Stored for years in an old barn, the creations of a rural mad scientist, the hardened twin cadavers known as the “Phillipi Mummies” are as grotesque as anything you might imagine, and they’re attracting tourists in droves to this quiet river town in the shadow of the Allegheny Mountains.
“Everything you’ve heard about them—it might all be true,” says Ed Larry, curator of the Phillipi Visitor Center and Museum, “though the full tale is stranger than you might expect.”
The town of nearly 2,500 residents may best be known as the site of the first land action of the Civil War and as the home of venerable Alderson Broaddus College, but the Internet has propelled the fame of the hardened ghoulish bodies far beyond that which anyone expected.
Leading visitors into a small room in the corner of the museum, staff at first remain quiet, allowing the curious to consider what they’re seeing. Two pale figures, smaller perhaps than might be expected, lay draped in red damask in rustic coffins.
Their expressions could be regarded as pained or peaceful, depending on the light and the observer. Arms at their sides, their hands cross protectively over their abdomens, ironically the region into which the secret fluid used in the bizarre process of mummification was introduced.
Both were women, former residents of the Hospital for the Insane, as it was then known, at Weston. The younger, in her 20s, had died during childbirth. The older had died of natural causes in her 40s. Both passed without known relatives. Ed Larry says a letter was later found in the pocket of the younger, who had requested that her body be returned home for burial, though that was not to be her fate.
Instead, the asylum had been persuaded by an eccentric farmer and historian, Graham Hamrick, to provide the bodies for a series of macabre experiments. Hamrick was convinced that he had discovered a method of embalming, or mummification, based on passages from the Bible.
His first experiment was performed on the severed head of an African-American male that had been set on its neck in a pan of the embalming solution.
Whatever the method, the ingredients were easy to come by, according to an unknown author cited in a brochure now provided at the museum:
“The only secret of the wonderful embalming method is that his liquid, a portion of which is made by herbs gathered by him in the mountains, kills the germs of decomposition in the flesh or whatever it is applied to.”
According to the same source, embalmed squirrels and birds and a snake were positioned in lifelike poses around the farmhouse, and Mrs. Hamrick would often display what would appear to be a piece of shoe leather, which, she explained,” This is the blood of a human being prepared by ‘father’ years ago and which has remained in this condition ever since.”
Historian Jim Comstock, who had the celebrated mummies removed from the barn and displayed at the W.Va. Centennial Exposition in 1963, combed the region for tales of Hamrick, who took his secrets to the grave in 1899.
“It seemed that Hamrick believed the embalming fluid would be drawn up into the tissue due to the influence of an ‘everlasting drive,’ which the embalmer believed remains in organic matter even after it was dead.”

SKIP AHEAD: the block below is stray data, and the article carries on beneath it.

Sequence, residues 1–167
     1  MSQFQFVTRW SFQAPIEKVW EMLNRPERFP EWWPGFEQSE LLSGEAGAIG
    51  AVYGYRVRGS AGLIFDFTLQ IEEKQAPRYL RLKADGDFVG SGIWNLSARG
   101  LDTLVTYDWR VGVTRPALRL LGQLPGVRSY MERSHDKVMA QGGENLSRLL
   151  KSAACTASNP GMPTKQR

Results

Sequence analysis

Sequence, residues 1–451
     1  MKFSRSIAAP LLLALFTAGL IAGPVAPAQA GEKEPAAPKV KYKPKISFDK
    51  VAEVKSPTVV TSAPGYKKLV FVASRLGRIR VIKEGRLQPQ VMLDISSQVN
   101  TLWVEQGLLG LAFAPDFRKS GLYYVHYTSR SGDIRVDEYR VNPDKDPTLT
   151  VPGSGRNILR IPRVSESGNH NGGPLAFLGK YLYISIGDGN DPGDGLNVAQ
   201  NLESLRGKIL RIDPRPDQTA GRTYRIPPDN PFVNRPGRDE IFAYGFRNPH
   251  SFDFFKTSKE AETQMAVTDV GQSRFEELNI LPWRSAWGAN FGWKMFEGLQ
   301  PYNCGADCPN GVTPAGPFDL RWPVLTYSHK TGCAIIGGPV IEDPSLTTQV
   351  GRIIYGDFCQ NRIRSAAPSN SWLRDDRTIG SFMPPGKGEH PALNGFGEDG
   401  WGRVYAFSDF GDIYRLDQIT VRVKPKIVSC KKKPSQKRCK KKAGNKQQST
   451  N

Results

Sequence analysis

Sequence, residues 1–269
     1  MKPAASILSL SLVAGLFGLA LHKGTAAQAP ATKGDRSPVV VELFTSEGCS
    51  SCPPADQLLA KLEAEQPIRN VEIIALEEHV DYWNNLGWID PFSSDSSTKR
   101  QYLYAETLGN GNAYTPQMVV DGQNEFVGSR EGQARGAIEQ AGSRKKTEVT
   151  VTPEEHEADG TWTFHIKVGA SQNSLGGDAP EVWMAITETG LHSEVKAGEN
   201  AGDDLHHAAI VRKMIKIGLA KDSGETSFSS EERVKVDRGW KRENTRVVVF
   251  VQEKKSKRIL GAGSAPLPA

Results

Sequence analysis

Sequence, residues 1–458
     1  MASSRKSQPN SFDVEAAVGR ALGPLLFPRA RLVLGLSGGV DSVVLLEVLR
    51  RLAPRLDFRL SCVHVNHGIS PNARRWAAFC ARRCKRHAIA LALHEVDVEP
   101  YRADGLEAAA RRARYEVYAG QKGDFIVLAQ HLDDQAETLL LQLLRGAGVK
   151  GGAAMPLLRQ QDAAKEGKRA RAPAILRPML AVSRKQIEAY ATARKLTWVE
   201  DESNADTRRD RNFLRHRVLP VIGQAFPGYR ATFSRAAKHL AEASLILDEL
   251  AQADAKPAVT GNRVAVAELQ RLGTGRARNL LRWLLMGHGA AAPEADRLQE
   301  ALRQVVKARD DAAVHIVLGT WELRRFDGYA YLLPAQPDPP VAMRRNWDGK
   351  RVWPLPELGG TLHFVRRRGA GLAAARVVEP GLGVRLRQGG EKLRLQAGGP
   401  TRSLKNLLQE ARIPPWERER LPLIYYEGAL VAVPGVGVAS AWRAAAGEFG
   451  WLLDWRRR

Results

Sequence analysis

Hamrick’s method met with success and was repeated on an arm, and then, in 1888, on a deceased newborn and the two female subjects now on display.
According to “A History of Barbour County,” published in 1968, Hamrick applied for a patent and was at first rejected as no authority could believe his formula, as described, could produce the claimed result, so he traveled to Washington, D.C., to demonstrate his method and provide documentation. Though his patent was then accepted, he declined to pursue that matter further.
In 1891 he was awarded a bronze medal by the Paris Inventor’s Academy of France and was later awarded a gold medal, though he declined to profit off his work or share the formula.
“As he drew near the end of his life, he prepared embalming fluid for his body and instructed his friends how to use it,” according to the 1968 account. However, he was interred in the Saint Mary’s Chapel Cemetery north of Philippi after a battle with tuberculosis, and no account of his special embalming exists.
The cadavers were afterward passed on to the Byers family, of Charleston, who have loaned them to the museum but have decided not to allow the cadavers to be tested, preferring that they are allowed to rest in peace.
Unfortunately, during a torrential flood in 1985, all remains but the two female cadavers were washed away, and the two that survived lost their hair but remained in remarkable condition.
Though historians and journalists have revisited the story of the mummies repeatedly over the last century, Ed Larry says the Internet and television programs have allowed word of their origins to spread.
“We now have more people coming in the museum than ever, and their donations have helped the museum and Philippi greatly,” he said.
The museum is open 11 a.m.-4 p.m. Friday and Saturday and 1-5 p.m. Sunday or by appointment. Of more information, call 304-457-3773 or 304-457-3700. The museum is located at 13 Museum St., Philippi, WV 26416.
Autumn ideal to visit asylum, “top haunted attraction in U.S.”
Perhaps there’s no better time than fall to visit the Trans-Allegheny Lunatic Asylum: Dry leaves skittering along like skeletal fingers and the howl of autumnal winds add to the inherent eeriness of the edifice that overlooks the historic town of Weston, West Virginia. Halloween marks the height of the season of ghostly ghastliness here where thousands of tortured minds once wandered. Tourists have replaced them, and October is the busiest month of the year. Read the full story here.